9. Contrary to the appellant's view, the board also sees no flaw in the way the six patients have been selected out of the thirteen patients for further investigation according to document (D3). According to page 427, l-h column, second paragraph of this document, only those six patients having low levels of factor XIII at presentation took part in the further study and were successively diagnosed as having UC or Crohn's disease. Thus, apparently, the seven excluded patients had normal levels of factor XIII and suffered from a "chronic inflammatory bowel disease" other than UC and Crohn's. This view is supported by the passage bridging the l-h and r-h column on page 428 ("all [the six] patients had an extensive colitis. These abnormal parameters [low factor XIII level] were not found when remission was obtained"). Therefore, it cannot be disputed that document (D3) establishes a direct link between UC and factor XIII depletion, at least in its acute phase.
10. The appellant argues that no need would have arisen to treat the patients referred to in document (D3) with infusions of factor XIII, since they already had blood levels of factor XIII exceeding the threshold (60%), which according to document (D2) was sufficient for stopping intestinal bleeding.
However, the value "60% or more" (see document (D2), page 231, l-h column, line 26), like the value "30%" (ibidem, line 23) relates to the plasma level of factor XIII as determined by the modified fluorescence method (see page 231, r-h column, line 16 from the bottom and Table I, "Hospital day" 14 in conjunction with "F-XIII, % (FM)", wherein "FM" means fluorescence method). The blood levels listed in Table 1 of document (D3), however, relate to factor XIII subunit A and subunit S. The comparison made by the appellant is thus not meaningful. Since document (D3) only deals with blood levels of factor XIII subunits, whilst document (D2) is concerned with blood levels of factor XIII and factor XIII subunit A, the only meaningful comparison could be that between the factor XIII subunit A threshold for healing UC reported in Table I of document (D2), namely 68% (see page 231, r-h column, lines 14-15 from the bottom and Table I, "Hospital day" 26 in conjunction with "F-XIII, % (LM)", wherein "LM" means Laurell's method) and the blood levels of factor XIII subunit A listed Table 1 of document (D3). But the latter values (48%, 49%, 45%, 58%, 50% and 25%) turn out to be all below the 68% threshold. A need for treating the patients referred to in document (D3) with infusions of factor XIII would thus still arise.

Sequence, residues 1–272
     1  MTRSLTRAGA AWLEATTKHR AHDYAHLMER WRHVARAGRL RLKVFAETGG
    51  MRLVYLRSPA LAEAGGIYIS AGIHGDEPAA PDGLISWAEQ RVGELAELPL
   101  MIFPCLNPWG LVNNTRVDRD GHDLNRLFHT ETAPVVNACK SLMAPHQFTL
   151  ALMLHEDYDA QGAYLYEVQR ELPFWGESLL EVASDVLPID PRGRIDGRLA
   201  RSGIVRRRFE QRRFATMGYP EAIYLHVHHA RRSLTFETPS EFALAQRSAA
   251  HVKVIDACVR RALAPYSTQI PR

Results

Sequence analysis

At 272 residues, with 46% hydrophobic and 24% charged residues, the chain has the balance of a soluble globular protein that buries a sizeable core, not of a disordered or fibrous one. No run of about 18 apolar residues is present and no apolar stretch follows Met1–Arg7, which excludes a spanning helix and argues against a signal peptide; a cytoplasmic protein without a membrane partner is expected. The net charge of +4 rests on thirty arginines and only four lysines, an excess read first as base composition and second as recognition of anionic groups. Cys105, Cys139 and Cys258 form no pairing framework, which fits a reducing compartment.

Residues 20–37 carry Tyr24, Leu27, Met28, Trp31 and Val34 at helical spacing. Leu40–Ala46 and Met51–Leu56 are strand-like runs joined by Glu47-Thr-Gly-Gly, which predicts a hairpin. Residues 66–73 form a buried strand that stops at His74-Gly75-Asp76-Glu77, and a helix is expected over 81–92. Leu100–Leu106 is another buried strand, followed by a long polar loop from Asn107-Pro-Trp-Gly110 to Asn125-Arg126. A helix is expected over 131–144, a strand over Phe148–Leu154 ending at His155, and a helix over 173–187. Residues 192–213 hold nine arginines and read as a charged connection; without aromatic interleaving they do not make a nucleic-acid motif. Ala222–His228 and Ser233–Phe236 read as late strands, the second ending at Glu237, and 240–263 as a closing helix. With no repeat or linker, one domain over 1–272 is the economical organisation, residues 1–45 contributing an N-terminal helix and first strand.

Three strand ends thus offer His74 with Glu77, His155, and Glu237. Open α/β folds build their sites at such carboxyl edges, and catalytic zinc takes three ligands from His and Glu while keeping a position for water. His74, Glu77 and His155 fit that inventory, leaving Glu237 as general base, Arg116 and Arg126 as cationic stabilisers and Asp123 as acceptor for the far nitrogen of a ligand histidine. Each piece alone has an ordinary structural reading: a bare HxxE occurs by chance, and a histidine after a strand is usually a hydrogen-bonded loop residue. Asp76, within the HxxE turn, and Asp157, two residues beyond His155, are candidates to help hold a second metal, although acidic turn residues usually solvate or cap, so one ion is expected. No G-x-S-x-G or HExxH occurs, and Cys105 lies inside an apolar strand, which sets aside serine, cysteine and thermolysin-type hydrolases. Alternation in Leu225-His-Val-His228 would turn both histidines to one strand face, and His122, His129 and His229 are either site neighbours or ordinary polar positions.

11. Finally, the appellant maintains that factor XIII infusion was considered by the authors of document (D2) as an "ultima ratio" because oral vancomycin was not available in Japan (see page 232, bottom of the r-h column).
The lack of vancomycin in Japan may have forced the authors of document (D2) to turn to factor XIII as an "ultima ratio". But whatever the reason, they did make available to the public the technical teaching that it is worth treating PMC with factor XIII (see paragraph 5 (ii) supra). In any case, the board is not able to derive from the passage pointed out by the appellant on page 232, bottom of the r-h column of the document that vancomycin, if available, has to be preferred to factor XIII in the treatment of PMC.
For these reasons it is decided that:
The appeal is dismissed.